Orkambi is an oral treatment for very young children that combines both lumacaftor and ivacaftor
Vertex Pharmaceuticals has announced that the European Commission (EC) has approved the label extension of Orkambi
The therapy has been developed to treat one to <two years old with cystic fibrosis (CF) who have two copies of the F508del mutation in the CF transmembrane conductance regulator (CFTR) gene. This is the most prevalent form of the disease.
Due to a long-standing reimbursement agreement across the UK, children in this specific age range have had access to the expanded indication for Orkambi since the Medicines and Healthcare products Regulatory Agency’s approval in March this year.
Meanwhile, reimbursement agreements in Austria, Denmark, the Republic of Ireland and Sweden – and provisions for access in healthcare systems including Germany – will ensure eligible patients have access to the therapy, following EC approval, in due course.
Orkambi is an oral treatment that combines both lumacaftor and ivacaftor. Lumacaftor is designed to increase the amount of mature protein at the cell surface by targeting the processing defect of the F508del-CFTR protein. Meanwhile, ivacaftor facilitates the ability of CFTR proteins to transport salt and water across the cell membrane.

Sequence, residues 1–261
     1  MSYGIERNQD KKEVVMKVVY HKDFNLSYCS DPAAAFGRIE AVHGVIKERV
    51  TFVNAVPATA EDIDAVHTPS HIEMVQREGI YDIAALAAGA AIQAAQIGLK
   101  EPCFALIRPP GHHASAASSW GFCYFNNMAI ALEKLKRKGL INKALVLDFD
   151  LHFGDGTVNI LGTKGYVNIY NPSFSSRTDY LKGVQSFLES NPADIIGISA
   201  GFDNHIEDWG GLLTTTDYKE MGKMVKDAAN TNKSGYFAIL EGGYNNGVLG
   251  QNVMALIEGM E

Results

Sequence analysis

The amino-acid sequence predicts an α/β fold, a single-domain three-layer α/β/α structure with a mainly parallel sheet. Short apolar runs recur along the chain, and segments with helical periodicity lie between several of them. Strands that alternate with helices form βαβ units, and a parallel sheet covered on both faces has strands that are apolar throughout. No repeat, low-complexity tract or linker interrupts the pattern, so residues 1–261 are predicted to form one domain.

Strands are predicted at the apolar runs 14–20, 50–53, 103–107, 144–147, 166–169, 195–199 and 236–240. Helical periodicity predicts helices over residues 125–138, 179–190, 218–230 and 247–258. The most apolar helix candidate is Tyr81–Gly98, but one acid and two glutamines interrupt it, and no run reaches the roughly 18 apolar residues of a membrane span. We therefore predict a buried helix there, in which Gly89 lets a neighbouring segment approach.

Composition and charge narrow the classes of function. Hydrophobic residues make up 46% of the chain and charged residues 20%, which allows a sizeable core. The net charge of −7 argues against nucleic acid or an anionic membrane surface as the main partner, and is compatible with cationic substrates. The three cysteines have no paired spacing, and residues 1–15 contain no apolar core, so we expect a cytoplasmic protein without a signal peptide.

Silvia Gartner, specialist in paediatrics and pneumonology, coordinator of the Pediatric Cystic Fibrosis Center, Barcelona, reflected: “CF symptoms and organ damage can manifest very early in life, so it is crucial to start treatment as early as possible. The approval provides us with a medicine that gives a window of opportunity to possibly delay the onset of CF for these very young eligible children.”
Carmen Bozic, chief medical officer at Vertex, was optimistic about the EC’s verdict: “This approval will offer some of the youngest children with CF the chance of improved outcomes, by treating their disease at a young age.
“With this important milestone, we move ever closer to our goal of providing medicines that treat the underlying cause of CF to all people living with the disease.”
CF remains a rare, life-shortening genetic disease impacting more than 88,000 people worldwide. The condition is a multi-organ disease that affects the lungs, liver, pancreas, sinuses, sweat glands and reproductive tract.
Vertex will continue to work with reimbursement bodies across the EU, Australia and Canada to provide access for all eligible patients.